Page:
Macy's Thanksgiving Day Parade

Thanksgiving Day ParadeMacy’s Thanksgiving Day ParadeMacy's Thanksgiving Parade
The same day, a Smokey Bear balloon was featured in the Macy's Thanksgiving Day Parade, and it was advertised as "Thanksgiving is Smokey Bear Day on NBC TV".

Walter E. Rollins

Jack RollinsWalter "Jack" RollinsWalter E. "Jack" Rollins
Also in 1952, songwriters Steve Nelson and Jack Rollins had a successful song named "Smokey the Bear" which was performed by Eddy Arnold.
Jack Rollins also wrote "Smokey the Bear" for the public-service mascot Smokey Bear, and co-wrote many country songs for artists such as Gene Autry, Hank Snow, George Jones and Eddy Arnold.

Capitan Gap Fire

Capitan Gap forest fireforest fire
The living symbol of Smokey Bear was a five-pound, three month old American black bear cub who was found in the spring of 1950 after the Capitan Gap fire, a wildfire that burned in the Capitan Mountains of New Mexico.
He was rescued by the firefighters and named Hotfoot, before filling the role of Smokey Bear.

National Zoological Park (United States)

National ZooNational Zoological ParkNational Zoo in Washington, D.C.
According to the New York Times obituary for Homer C. Pickens, then assistant director of the New Mexico Department of Game and Fish, he kept the cub on his property for a while before flying with the bear to D.C. Soon after, Smokey was flown in a Piper PA-12 Super Cruiser airplane to the National Zoo in Washington, D.C. A special room was prepared for him at the St. Louis zoo for an overnight fuel stop during the trip, and when he arrived at the National Zoo, several hundred spectators, including members of the Boy Scouts, Girl Scouts, photographers, and media, were there to welcome him.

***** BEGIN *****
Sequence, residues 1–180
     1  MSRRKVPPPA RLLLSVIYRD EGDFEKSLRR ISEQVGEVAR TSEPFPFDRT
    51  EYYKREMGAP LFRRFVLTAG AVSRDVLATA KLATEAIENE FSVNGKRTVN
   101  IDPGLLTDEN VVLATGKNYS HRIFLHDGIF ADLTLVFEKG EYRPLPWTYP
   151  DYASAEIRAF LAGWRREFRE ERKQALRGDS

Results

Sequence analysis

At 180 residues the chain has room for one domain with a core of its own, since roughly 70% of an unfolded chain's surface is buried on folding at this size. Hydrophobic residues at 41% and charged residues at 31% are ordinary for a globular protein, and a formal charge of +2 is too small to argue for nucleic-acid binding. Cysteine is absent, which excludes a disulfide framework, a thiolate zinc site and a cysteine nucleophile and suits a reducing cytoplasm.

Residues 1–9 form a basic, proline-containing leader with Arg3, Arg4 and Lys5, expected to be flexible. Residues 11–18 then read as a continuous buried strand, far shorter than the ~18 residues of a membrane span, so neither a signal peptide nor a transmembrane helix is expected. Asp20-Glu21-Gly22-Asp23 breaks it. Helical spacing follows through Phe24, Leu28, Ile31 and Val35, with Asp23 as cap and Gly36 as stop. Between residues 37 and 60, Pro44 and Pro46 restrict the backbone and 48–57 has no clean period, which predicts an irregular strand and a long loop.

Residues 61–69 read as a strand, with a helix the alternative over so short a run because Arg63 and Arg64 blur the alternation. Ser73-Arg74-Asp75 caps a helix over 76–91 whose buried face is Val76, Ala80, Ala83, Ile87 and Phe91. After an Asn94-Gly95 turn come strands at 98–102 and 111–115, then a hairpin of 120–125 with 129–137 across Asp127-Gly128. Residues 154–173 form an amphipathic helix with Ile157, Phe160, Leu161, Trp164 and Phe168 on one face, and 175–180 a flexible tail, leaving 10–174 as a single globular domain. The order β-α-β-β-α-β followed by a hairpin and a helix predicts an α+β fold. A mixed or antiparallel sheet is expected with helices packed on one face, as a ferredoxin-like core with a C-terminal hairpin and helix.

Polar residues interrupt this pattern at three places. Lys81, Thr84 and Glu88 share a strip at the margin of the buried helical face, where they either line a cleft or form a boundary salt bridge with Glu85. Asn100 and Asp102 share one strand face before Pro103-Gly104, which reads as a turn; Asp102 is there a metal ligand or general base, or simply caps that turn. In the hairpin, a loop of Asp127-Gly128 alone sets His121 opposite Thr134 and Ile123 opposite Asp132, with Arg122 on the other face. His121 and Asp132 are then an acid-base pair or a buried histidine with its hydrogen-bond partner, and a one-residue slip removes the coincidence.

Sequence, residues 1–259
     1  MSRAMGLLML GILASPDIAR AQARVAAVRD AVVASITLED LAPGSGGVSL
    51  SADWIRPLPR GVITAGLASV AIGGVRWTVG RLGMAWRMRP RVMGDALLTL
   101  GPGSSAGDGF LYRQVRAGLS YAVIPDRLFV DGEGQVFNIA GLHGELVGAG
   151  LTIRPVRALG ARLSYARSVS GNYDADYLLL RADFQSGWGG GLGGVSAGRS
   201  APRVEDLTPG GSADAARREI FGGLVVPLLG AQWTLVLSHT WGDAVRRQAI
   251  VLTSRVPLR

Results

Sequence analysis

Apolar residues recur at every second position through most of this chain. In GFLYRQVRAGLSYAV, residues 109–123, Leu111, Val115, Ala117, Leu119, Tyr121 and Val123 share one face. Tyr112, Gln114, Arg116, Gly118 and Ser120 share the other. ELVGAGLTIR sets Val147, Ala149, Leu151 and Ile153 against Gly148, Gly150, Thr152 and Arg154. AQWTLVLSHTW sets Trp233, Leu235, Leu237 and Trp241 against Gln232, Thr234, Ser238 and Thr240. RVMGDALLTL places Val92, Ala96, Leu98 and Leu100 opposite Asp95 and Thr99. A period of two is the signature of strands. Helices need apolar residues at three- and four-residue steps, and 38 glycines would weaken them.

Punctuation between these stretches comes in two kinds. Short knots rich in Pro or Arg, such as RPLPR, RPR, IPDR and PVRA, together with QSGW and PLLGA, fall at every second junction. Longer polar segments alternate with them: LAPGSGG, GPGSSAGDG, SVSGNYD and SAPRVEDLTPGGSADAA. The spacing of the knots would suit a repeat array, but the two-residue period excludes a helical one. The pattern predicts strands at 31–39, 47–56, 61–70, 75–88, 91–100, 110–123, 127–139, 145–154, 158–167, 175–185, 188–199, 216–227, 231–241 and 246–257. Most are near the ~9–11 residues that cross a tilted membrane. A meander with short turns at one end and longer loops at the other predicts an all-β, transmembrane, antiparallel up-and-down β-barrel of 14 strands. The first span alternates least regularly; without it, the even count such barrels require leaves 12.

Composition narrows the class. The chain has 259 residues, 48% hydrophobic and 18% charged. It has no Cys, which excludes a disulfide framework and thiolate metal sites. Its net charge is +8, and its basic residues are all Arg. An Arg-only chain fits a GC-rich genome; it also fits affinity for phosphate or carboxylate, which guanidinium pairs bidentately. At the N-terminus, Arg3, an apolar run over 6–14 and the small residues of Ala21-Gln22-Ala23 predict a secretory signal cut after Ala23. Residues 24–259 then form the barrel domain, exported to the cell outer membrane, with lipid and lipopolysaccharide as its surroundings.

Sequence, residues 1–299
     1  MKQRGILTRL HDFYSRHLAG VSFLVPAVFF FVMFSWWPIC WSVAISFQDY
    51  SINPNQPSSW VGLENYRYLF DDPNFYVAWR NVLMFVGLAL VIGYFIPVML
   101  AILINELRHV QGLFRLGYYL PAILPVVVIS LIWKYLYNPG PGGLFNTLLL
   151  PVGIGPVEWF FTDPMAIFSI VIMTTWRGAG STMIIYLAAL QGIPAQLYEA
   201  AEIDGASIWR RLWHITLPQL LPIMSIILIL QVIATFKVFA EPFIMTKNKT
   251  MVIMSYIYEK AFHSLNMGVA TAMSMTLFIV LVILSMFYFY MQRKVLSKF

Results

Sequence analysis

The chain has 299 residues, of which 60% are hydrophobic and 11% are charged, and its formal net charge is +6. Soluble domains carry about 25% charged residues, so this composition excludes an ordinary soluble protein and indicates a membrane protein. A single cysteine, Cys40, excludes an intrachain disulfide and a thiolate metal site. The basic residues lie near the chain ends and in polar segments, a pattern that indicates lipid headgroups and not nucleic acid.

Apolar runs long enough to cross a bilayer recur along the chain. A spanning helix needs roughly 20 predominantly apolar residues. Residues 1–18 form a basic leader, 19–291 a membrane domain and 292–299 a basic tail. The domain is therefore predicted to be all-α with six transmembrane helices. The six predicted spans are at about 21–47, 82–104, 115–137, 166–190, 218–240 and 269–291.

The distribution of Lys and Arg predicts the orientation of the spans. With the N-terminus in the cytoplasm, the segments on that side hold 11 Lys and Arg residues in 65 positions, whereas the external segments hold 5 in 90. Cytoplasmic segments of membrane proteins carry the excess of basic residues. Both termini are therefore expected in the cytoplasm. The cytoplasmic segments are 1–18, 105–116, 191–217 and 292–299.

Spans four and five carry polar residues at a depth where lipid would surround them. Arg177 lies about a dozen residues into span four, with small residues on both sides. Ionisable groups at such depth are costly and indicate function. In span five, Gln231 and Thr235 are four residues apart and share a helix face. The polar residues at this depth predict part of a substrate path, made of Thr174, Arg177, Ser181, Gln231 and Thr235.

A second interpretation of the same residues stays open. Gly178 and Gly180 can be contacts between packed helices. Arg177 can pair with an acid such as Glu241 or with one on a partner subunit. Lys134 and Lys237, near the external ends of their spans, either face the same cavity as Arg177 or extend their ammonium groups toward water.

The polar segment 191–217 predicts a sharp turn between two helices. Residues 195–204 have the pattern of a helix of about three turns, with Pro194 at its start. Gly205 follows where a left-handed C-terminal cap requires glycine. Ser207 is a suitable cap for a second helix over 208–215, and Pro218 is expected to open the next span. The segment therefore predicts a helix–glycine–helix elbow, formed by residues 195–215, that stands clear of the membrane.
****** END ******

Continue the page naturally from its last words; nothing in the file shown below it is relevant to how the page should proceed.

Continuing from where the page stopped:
One of the most famous animals to have spent much of his life at the zoo was Smokey Bear, the "living symbol" of the cartoon icon created as part of a campaign to prevent forest fires.

Ideal Toy Company

IdealIdeal ToysIdeal Toy Corp.
A Smokey Bear doll was produced by Ideal Toys beginning in 1952; the doll included a mail-in card for children to become Junior Forest Rangers.

In the Bag

In 1956, he made a cameo appearance in the Walt Disney short film In the Bag with a voice provided by Jackson Weaver.
Humphrey then tries to burn the garbage with a match, but is stopped by Smokey the Bear, who reminds him that "only you can prevent forest fires."

Patrick Warburton

Patrick Warburton provided the voice of an anonymous park ranger.